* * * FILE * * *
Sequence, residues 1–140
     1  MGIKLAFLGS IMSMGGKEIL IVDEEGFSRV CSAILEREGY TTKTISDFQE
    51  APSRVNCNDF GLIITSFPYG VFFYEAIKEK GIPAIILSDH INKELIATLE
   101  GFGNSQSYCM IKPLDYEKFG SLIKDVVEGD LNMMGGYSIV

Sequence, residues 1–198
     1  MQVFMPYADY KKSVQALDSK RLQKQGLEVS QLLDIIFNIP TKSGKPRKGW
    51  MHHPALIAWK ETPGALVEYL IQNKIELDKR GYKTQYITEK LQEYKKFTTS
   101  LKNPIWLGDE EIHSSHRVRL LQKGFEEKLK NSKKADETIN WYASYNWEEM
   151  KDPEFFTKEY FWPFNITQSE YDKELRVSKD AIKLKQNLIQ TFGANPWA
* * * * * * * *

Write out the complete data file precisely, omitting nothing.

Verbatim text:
Sequence, residues 1–140
     1  MGIKLAFLGS IMSMGGKEIL IVDEEGFSRV CSAILEREGY TTKTISDFQE
    51  APSRVNCNDF GLIITSFPYG VFFYEAIKEK GIPAIILSDH INKELIATLE
   101  GFGNSQSYCM IKPLDYEKFG SLIKDVVEGD LNMMGGYSIV

Sequence, residues 1–198
     1  MQVFMPYADY KKSVQALDSK RLQKQGLEVS QLLDIIFNIP TKSGKPRKGW
    51  MHHPALIAWK ETPGALVEYL IQNKIELDKR GYKTQYITEK LQEYKKFTTS
   101  LKNPIWLGDE EIHSSHRVRL LQKGFEEKLK NSKKADETIN WYASYNWEEM
   151  KDPEFFTKEY FWPFNITQSE YDKELRVSKD AIKLKQNLIQ TFGANPWA